For health workers on the front lines of California’s COVID fight, one of the more baffling moments of the pandemic occurred in relative obscurity last May, with the state suddenly awash in tens of billions of dollars in extra revenue.
Gov. Gavin Newsom saw an opportunity to put that unexpected surplus to work. His office dramatically revised his proposed budget for the upcoming fiscal year, asking for $1 billion to expand Medi-Cal, $7 billion to convert hotel rooms to permanent housing for the homeless and money to beef up mental health services, food and shelter for some of the state’s most vulnerable people.
But when it came to the state’s 61 local public health departments, Newsom had nothing. For the third straight year, Newsom failed to propose any increase in funding, only $3 million to continue studying the issue and see how much the agencies might need.
Their collective, statewide request in a moment of crisis? It was $200 million — out of nearly $76 billion in surplus funds.
This year, Newsom has another budget surplus, another opportunity to help reverse decades of underfunding county public health systems.
“I was absolutely shocked at the governor’s response to our relatively small budget ask,” Santa Cruz County Health Officer Dr. Gail Newel said at the time. “To have that number come back to zero … has been very disheartening to us.”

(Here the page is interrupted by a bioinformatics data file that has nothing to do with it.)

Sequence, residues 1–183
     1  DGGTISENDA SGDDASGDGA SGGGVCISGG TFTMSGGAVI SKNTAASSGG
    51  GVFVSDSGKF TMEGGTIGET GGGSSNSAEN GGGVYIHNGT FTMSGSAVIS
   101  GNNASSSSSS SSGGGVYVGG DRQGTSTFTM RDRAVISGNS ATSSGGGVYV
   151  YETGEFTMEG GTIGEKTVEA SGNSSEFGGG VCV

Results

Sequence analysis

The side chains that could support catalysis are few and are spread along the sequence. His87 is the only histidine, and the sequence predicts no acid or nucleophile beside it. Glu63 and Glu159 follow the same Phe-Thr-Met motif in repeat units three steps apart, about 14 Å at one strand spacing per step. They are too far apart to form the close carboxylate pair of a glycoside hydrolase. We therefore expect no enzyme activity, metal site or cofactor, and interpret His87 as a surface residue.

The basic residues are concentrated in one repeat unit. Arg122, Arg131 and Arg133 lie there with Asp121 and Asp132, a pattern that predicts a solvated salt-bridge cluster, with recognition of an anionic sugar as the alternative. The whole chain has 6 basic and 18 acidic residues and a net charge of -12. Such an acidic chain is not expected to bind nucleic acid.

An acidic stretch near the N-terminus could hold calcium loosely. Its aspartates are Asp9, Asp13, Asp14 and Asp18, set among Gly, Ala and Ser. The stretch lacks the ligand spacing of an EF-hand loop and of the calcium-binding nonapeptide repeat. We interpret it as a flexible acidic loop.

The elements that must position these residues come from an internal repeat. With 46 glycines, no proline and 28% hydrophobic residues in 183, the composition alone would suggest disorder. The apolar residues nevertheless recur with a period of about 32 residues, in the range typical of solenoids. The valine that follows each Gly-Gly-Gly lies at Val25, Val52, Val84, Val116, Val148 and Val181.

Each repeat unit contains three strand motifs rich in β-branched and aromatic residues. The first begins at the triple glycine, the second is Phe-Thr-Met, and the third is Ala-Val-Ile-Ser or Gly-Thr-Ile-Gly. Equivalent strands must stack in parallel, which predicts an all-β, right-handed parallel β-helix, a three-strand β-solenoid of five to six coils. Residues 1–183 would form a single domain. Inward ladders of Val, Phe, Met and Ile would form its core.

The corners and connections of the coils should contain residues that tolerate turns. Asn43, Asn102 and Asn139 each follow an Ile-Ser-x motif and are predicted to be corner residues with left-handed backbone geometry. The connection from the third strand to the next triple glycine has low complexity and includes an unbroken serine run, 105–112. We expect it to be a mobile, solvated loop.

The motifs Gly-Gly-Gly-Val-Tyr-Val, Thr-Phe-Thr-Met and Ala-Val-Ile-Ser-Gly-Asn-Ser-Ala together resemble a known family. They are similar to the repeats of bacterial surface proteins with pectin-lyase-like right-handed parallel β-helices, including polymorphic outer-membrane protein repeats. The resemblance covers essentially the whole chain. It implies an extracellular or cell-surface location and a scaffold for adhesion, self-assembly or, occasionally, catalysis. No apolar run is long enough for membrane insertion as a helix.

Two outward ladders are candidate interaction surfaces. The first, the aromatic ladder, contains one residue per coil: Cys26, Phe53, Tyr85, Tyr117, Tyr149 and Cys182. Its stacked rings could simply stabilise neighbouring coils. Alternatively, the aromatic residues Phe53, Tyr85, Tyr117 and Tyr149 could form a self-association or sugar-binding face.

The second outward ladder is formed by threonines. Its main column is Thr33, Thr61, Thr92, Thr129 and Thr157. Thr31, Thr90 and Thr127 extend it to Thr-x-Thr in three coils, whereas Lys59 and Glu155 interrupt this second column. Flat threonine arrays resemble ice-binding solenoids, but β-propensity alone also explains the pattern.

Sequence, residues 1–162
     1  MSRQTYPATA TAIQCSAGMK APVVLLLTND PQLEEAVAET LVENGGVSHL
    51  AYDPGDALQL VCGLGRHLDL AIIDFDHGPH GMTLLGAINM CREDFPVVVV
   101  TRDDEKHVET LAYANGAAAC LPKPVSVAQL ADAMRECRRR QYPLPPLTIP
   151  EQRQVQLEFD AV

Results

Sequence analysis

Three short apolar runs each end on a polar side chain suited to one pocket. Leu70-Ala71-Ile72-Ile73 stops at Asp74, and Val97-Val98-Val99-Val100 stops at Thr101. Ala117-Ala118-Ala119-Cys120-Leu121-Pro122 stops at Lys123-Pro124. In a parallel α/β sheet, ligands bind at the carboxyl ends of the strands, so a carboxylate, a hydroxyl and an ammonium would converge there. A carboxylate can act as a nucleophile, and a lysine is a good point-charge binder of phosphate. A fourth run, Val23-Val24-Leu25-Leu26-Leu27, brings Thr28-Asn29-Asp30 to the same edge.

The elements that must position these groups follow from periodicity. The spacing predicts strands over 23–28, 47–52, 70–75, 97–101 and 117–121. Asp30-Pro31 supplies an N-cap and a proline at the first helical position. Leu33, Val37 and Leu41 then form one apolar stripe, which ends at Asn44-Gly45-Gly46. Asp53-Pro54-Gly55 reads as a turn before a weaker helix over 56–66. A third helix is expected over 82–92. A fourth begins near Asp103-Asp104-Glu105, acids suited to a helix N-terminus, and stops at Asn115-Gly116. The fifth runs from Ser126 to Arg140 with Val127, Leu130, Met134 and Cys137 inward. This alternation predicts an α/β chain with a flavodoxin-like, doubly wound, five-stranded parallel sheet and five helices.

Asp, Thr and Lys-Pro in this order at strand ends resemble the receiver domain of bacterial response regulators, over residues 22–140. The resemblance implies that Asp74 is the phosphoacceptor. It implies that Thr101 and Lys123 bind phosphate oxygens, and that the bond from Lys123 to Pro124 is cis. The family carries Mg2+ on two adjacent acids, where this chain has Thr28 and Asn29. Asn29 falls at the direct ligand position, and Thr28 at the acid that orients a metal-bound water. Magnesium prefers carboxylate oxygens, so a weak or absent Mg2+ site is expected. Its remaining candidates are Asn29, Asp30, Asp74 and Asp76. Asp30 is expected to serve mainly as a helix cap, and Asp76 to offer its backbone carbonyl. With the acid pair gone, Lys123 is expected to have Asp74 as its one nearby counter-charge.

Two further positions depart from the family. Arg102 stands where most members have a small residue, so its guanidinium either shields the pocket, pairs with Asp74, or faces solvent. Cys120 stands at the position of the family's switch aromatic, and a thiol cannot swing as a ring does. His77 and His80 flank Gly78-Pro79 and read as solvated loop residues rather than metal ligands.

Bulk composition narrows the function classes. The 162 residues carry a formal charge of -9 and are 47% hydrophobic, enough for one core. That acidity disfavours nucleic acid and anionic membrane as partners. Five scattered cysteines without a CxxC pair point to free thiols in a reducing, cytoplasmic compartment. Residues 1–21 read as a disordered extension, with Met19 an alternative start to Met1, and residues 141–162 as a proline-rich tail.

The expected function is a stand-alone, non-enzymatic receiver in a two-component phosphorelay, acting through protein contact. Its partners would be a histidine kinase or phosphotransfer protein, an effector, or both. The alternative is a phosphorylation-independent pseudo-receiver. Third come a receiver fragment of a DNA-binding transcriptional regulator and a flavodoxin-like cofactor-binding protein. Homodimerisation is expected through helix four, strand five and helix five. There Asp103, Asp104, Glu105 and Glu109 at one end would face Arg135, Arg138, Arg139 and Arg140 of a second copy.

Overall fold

When the story of COVID in California is fully written, the government’s failure to arm its local health agencies — the ones with boots on the ground in local communities and counties — is going to stand as a colossal mistake. Strafed by years of declining funding and understaffed almost across the board, departments near major cities but also in places like Butte, Del Norte and Merced counties were quickly overwhelmed by the scope of the crisis. They never recovered.
Those who’ve suffered the most from this failure were some of the same groups already at elevated risk for harm from COVID: people in low income neighborhoods; Black and Latino residents of the state; essential workers and farm workers; those who depend upon county health programs for their access to care.
Newsom’s administration has mounted all manner of top-down attempts to throw a blanket over the health crisis. It’s an approach that ignored the reality of California: The state is much too vast, and especially too geographically, ethnically and politically diverse, for a one-size-fits-all response to COVID.
County agencies work at the most local of levels. Much like nonprofits and federally qualified health centers, their employees often know their patients by name. They are a destination for those in the greatest need. And California has let them fray.
That’s not all on Newsom; the chronic lack of investment in county health goes back decades. Public health agencies in California receive much of their funding from the federal government, with the rest coming from the state. But in 1991, amid one of a series of recurring budget crises, the Legislature realigned its funding method to place much more of that financial burden on the counties themselves.